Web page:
You’re probably aware of the old saying that to be an expert at something you need to have clocked up at least 10,000 hours practice.

Which, if you’re going by a traditional 40 hour work week will probably take 5 years or so.

Now, with this point today I’m not actually talking about what you actually do for your day job.

I’m talking about your fitness and exercise routine.

Cast your mind back to back when you first started working out.

It might have been as a teenager and you wanted to do a bit of this and bit of that to keep you up with whatever sport you played and you’ve kept it going one way or another until this day.

On the flip side, you may not have done anything structured until much later in life and be a recent starter.

Or you might be somewhere in the middle and have done a lot back in the day, but life got in the way and you had a lot of time off, only getting back into it in the last few years.

Have you picked a side yet?

There’s no wrong side.

Just trying to show you that if you’re currently at the point where things seem like they’re always hard then you just need to get the practice in.

And what I’m going to share now will explain this even further.

So now obviously you’re not training for 40 hours a week.

That puts the 5 year expert thing out the window.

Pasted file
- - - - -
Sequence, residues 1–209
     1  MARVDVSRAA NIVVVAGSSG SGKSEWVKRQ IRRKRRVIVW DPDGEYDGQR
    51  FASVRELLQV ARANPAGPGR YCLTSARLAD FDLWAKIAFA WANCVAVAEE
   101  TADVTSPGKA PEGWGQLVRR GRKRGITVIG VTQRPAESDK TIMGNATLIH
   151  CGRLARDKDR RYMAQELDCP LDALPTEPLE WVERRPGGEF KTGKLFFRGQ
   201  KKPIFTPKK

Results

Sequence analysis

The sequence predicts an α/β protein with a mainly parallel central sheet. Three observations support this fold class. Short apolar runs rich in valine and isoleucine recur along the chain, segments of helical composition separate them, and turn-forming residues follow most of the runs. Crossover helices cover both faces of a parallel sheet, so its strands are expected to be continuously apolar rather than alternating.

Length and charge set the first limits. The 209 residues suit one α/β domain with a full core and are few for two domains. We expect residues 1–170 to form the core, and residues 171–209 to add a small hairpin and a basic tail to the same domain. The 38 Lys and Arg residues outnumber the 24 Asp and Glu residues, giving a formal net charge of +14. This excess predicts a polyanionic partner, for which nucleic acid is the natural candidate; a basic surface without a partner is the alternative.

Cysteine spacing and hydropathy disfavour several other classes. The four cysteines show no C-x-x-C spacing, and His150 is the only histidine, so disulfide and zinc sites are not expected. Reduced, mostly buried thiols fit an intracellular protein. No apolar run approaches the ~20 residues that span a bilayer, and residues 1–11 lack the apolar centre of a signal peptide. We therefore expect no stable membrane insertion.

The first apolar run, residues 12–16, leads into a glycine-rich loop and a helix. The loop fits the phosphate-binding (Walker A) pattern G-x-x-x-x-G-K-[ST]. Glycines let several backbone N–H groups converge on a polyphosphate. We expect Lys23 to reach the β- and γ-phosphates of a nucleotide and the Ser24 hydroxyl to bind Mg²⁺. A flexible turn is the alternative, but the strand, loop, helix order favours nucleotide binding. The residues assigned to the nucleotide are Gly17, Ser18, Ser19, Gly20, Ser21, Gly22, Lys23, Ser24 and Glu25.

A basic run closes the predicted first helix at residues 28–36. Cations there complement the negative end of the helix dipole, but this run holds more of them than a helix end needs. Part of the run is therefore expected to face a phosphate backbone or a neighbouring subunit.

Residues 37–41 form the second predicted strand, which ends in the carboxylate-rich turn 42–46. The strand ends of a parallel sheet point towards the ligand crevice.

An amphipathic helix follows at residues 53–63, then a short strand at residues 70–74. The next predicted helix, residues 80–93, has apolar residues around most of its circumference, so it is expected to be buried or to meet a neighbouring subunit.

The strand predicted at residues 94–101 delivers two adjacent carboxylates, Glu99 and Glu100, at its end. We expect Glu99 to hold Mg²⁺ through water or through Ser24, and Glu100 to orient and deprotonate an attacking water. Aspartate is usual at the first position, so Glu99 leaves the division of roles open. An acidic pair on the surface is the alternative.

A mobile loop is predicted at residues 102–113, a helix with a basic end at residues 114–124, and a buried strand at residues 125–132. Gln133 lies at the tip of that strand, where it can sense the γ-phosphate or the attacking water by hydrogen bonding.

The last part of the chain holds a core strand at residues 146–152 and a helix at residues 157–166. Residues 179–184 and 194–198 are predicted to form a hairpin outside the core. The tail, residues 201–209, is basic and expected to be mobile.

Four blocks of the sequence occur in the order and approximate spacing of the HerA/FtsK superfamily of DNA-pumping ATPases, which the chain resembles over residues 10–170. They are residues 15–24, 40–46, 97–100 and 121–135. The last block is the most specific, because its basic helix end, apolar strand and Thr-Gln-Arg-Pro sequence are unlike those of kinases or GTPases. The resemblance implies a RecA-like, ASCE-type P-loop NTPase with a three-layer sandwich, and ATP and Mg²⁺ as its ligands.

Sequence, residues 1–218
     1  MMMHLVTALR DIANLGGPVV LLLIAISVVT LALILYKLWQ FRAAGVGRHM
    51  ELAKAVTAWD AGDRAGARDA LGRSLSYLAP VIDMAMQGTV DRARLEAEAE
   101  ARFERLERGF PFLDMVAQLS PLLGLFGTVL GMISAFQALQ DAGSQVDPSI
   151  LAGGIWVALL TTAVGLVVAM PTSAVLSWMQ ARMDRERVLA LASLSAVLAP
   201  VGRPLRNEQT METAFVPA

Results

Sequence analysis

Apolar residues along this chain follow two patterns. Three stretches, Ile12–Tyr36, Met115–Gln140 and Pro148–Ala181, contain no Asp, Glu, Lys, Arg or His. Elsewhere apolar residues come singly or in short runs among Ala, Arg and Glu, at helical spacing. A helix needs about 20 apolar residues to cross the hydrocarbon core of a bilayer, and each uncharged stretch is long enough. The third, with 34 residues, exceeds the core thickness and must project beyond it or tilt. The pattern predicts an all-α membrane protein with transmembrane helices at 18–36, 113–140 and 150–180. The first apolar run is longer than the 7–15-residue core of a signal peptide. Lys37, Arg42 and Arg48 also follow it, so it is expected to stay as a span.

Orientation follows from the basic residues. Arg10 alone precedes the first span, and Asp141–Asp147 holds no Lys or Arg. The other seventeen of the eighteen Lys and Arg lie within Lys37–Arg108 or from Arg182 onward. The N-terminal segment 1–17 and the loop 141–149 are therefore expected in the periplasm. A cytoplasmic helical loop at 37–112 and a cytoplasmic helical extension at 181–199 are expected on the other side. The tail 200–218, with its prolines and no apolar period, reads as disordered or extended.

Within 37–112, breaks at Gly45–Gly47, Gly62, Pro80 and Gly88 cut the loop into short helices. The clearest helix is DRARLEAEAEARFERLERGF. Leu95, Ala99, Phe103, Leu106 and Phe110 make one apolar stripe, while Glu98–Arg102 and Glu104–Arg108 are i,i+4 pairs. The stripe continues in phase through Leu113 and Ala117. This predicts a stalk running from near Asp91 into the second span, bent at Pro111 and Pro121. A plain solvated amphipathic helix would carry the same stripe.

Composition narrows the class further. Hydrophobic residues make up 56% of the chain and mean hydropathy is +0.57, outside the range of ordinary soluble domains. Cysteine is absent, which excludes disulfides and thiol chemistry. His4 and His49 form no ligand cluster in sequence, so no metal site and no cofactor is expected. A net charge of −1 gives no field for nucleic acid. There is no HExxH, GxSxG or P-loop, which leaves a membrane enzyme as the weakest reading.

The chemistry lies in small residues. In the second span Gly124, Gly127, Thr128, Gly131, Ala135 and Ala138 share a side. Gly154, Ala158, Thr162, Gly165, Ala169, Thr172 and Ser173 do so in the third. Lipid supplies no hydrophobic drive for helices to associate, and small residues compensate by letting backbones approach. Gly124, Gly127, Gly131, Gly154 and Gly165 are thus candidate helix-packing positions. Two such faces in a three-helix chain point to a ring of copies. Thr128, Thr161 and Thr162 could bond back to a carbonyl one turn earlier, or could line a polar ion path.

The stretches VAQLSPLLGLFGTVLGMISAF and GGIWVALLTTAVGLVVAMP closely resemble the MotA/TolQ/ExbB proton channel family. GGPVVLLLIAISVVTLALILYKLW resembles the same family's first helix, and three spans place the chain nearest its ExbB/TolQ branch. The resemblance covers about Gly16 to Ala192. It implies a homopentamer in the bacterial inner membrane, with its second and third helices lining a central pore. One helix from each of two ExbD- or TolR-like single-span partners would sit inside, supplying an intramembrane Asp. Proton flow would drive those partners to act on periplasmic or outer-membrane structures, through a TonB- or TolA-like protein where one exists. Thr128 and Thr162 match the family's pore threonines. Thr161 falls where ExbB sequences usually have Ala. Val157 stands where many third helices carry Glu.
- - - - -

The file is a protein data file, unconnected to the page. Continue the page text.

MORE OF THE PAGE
Let’s be generous and say you’ve got 5 hours a week of activity pretty much each week. A combination of walks and working out.\

Now with that in mind, it’s going to take you the best part of 40 years to be an expert – and that’s not taking into account any long term breaks you might have.

The point of this isn’t to make you feel bad.

More so the exact opposite.

If things are feeling hard or it seems like a struggle with your workout at times -that is exactly why.

You’re hardly an expert yet!

You just have to keep putting the work, and the reps, in.

And on the flip side anyways, when things do start to get easier we make them harder for you.

So your body is constantly changing and improving.

Hopefully this ‘rephrasing the game’ helped and keeps your head (and in turn body) in the game over the next few colder months.

Cheers,
Daniel

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